The COVID-19 pandemic has had an impact on the industry, forcing plant shutdowns and slowdowns, and has even impacted duty-free sales for Philip Morris. Additionally, Altria's 9.5% stake in Anheuser-Busch InBev (NYSE: BUD) gives it additional exposure to the crisis, as the alcohol sales have contracted significantly due to the closures of bars and restaurants around the world. Still, as a part of the consumer staples sector, the tobacco industry won't endure any lasting scars from the pandemic, and tobacco stocks' prices have mostly recovered since their sharp declines at the beginning of the crisis.
|Company||Sells smoke and smoke-free nicotine products?||Notable subsidiary brands|
|Altria Group (NYSE:MO)||Yes||Marlboro|
|Philip Morris International (NYSE:PM)||Yes||Virginia Slims|
|British American Tobacco (NYSE:BTI)||Yes||Camel|
Source: Company websites
The domestic manufacturer of Marlboro, Parliament, and Virginia Slims split from Philip Morris International in 2008, but still owns Philip Morris USA, the subsidiary that oversees Altria Group's cigarette brands.
Almost all of Altria's sales come from the United States, where smoking rates have steadily declined over the last generation. According to the federal Centers for Disease Control and Prevention, the percentage of American adults who smoke tobacco fell from 21% in 2005 to 14% in 2018. Not surprisingly, Altria's cigarette sales volumes have slipped, too. In 2019, its cigarette sales volume declined by 7.3%, though that decline through the first three quarters of 2020 moderated to just 1.4%, as the stress, extra time at home, and relief payments during the pandemic encouraged smoking.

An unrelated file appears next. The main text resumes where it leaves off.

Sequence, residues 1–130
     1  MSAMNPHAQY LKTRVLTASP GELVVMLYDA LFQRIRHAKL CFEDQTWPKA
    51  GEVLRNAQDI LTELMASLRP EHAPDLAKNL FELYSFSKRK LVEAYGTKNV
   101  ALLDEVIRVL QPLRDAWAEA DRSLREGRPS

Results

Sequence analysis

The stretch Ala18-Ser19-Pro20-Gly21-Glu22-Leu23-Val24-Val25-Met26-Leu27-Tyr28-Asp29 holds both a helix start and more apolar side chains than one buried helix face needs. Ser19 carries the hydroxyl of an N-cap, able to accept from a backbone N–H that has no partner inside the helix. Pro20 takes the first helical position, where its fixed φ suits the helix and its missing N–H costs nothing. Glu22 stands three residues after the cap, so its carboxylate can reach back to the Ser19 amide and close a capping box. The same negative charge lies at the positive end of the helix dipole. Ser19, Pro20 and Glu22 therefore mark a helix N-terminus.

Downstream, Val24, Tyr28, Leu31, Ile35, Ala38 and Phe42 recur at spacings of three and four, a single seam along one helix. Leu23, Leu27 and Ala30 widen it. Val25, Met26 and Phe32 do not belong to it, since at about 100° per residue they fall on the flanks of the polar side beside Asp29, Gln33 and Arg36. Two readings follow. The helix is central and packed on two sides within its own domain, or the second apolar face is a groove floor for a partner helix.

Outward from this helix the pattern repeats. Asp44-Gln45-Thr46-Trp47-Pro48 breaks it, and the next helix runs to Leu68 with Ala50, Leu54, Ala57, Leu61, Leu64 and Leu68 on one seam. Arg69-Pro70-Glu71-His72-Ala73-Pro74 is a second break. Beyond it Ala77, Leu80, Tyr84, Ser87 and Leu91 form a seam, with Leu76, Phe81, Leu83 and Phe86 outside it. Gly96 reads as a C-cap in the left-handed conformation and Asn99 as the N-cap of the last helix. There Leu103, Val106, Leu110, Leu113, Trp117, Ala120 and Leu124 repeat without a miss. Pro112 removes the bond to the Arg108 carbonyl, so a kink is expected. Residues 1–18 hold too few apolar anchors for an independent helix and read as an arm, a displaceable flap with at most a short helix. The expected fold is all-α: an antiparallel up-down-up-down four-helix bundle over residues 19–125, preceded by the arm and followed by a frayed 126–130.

The long-term decline in tobacco smoking explains why Altria has taken steps to diversify away from traditional cigarettes, most notably taking a 35% stake in e-cigarette manufacturer Juul Labs and a 45% stake in Canadian cannabis grower Cronos Group (NASDAQ:CRON).
However, those investments haven't played out as investors hoped. In December of 2018, Altria plunked down $12.8 billion for partial ownership of Juul, but after regulators forced Juul to stop making most of its flavored cartridges and questioned its marketing tactics, the e-cigarette company's valuation fell significantly. Altria has taken three writedowns on its Juul investment, and as of September, 2020, the stake was valued at just $1.6 billion, barely 10% of the purchase price.